ATO's Top 10 Tax Myths
By Steven Castelletto
Do you know the Facts?
With the finish line for the 2019 financial year clearly in sight, those that usually sit in the tax refund camp might be eagerly getting together the information necessary to complete their tax return. The prospect of a tax refund can be exciting as it often serves as an annual stimulus package for individuals and families allowing them to buy something nice, put a hole in mortgage and credit card debt, or serve as a healthy top up to their savings to ease future pressures.
The ATO on the other hand are tasked with the job to ensure tax returns are correct and individuals are entitled to the tax deductions they seek. The ATO can question any deductions claimed on your tax return for up to 5 years (7 years for companies). If your tax return is subject to an audit or review, it is a matter of guilty until proven innocent, with the burden of proof placed squarely on your shoulders.
In the quest for the bigger refund for that bigger TV, taxpayers can often fall into the trap of overstating their eligible deductions or not knowing how to substantiate them. Common tax misconceptions often catch taxpayers out if they are ever unlucky enough to fall prey to an ATO audit.
ATO Top 10 tax myths
Myth: Everyone can automatically claim $150 for clothing and laundry, 5000 kilometres for car related expenses, or $300 for work-related expenses, even if they didn’t spend the money
Fact: the record-keeping exemptions provide relief from the need to keep receipts in certain circumstances. However, they are not an automatic entitlement or a “standard deduction” for everyone. While you don’t need receipts for claims under $300 for work related expenses, $150 for laundry and 5000 kilometres, you still must have spent the money, it must be related to earning your income, and you must be able to explain how you calculated your claim.
Myth: I don’t need a receipt, I can just use my bank or credit card statement
Fact: To claim a tax deduction you need to be able to show that you spent the money, what you spent it on, who the supplier was, and when the purchase occurred. Bank or credit card statements usually won’t contain this information. The only time you don’t need these details is if record-keeping exceptions apply.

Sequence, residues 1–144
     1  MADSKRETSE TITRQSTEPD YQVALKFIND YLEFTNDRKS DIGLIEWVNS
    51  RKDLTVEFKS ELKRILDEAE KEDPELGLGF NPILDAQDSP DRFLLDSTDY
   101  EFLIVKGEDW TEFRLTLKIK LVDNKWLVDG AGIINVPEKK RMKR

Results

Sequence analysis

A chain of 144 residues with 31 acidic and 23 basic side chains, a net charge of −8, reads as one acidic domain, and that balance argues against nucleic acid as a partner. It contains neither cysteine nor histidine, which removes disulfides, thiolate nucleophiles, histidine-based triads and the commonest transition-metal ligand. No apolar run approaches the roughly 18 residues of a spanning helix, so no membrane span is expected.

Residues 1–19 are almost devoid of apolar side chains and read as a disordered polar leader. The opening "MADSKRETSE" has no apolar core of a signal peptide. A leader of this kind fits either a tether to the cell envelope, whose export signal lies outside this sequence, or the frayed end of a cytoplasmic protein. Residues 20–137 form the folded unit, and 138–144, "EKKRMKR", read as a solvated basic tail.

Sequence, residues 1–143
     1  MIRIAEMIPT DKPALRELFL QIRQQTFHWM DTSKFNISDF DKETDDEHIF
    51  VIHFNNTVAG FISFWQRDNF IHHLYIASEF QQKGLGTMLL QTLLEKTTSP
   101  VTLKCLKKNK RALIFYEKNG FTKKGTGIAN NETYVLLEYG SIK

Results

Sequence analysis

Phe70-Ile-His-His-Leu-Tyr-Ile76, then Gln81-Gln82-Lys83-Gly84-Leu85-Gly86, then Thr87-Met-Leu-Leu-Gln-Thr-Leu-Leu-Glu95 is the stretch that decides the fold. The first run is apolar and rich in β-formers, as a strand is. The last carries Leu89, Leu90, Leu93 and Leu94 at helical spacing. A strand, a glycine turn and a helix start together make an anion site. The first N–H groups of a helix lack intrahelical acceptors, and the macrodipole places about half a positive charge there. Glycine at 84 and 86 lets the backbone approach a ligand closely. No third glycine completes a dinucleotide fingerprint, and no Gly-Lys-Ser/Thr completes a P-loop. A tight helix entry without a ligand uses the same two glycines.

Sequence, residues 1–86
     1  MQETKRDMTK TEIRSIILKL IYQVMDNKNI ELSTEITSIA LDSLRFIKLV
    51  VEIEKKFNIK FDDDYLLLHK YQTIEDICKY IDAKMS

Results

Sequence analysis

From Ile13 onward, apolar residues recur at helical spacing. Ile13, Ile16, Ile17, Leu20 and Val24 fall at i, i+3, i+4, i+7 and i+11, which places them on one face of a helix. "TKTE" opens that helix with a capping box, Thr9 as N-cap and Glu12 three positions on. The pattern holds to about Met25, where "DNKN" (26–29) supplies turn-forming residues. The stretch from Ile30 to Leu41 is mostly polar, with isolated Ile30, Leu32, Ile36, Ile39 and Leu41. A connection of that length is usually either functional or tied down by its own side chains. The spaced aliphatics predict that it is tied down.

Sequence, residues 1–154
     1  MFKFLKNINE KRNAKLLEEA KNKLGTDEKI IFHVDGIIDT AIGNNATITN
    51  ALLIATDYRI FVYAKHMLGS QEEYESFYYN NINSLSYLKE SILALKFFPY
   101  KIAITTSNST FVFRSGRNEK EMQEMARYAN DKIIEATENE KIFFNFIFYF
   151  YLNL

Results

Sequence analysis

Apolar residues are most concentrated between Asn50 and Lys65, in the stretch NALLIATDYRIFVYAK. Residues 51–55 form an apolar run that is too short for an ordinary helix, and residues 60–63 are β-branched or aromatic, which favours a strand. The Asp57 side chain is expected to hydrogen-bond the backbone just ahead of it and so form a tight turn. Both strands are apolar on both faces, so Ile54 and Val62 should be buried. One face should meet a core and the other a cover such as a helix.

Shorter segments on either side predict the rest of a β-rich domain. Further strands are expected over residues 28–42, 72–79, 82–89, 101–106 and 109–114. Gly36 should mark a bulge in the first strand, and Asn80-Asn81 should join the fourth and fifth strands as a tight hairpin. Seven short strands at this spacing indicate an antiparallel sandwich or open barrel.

Myth: I can claim makeup that contains sunscreen if I work outside
Fact: We all like to look good but cosmetics are usually a private expense and the addition of sun protection does not make it tax deductible. However, it may be deductible if the primary purpose of the product is sunscreen (i.e.: it has a high SPF rating), the cosmetic component is incidental, and you were required to wear it because you work outdoors in the sun.
Myth: I can claim my gym membership because I need to be fit for work
Fact: While you might like to keep fit, there are only a very small number of people who can claim gym memberships, such as special operations in the Australian Defence Force. To be eligible, your job would have to depend on you maintaining a very high level of fitness, for which you are regularly tested.
Myth: I can claim all my travel expenses if I add a conference or a few days’ work to my holiday
Fact: If you decide to add a conference or some work to your holiday, or a holiday to your work trip, you must apportion the travel expenses between the private and work-related components.
Myth: I can claim my work clothes because my boss told me to wear a certain colour
Fact: Unless your clothing is a uniform that is unique and distinct to your employer, or protective or occupation-specific clothing that you were required to wear to earn your income you, won’t be able to claim it. Plain clothes, like black pants, are not deductible even if your boss told you to wear them.
Myth: I can claim my whole Netflix or Foxtel subscription because I need to keep up to date for work
Fact: Unless you only use your subscriptions for work purposes, you will have to apportion the cost between business and private usage, and only claim the work-related portion of your expenses. You will also need to be able to show a strong connection between earning your income and the subscription.
Myth: I can claim home-to-work travel because I need to get to work to earn my income
Fact: for most of us, home to work travel is private since your boss doesn’t pay you until you get to work. There are limited circumstances where someone who has to transport bulky equipment can make a claim.
Myth: I’ve got a capped phone plan, so I can claim both business and private phone calls
Fact: Unless you only use your phone for work, you will have to apportion the cost between business and private usage and only claim the work-related portion of your expenses.
Myth: If I use an agent, they will take responsibility for my claims
Fact: Even if you use a tax agent, you are ultimately responsible for ensuring the information in your return, including the deductions you claim, is correct. You cannot transfer that responsibility to your agent so make sure you give them complete and accurate information.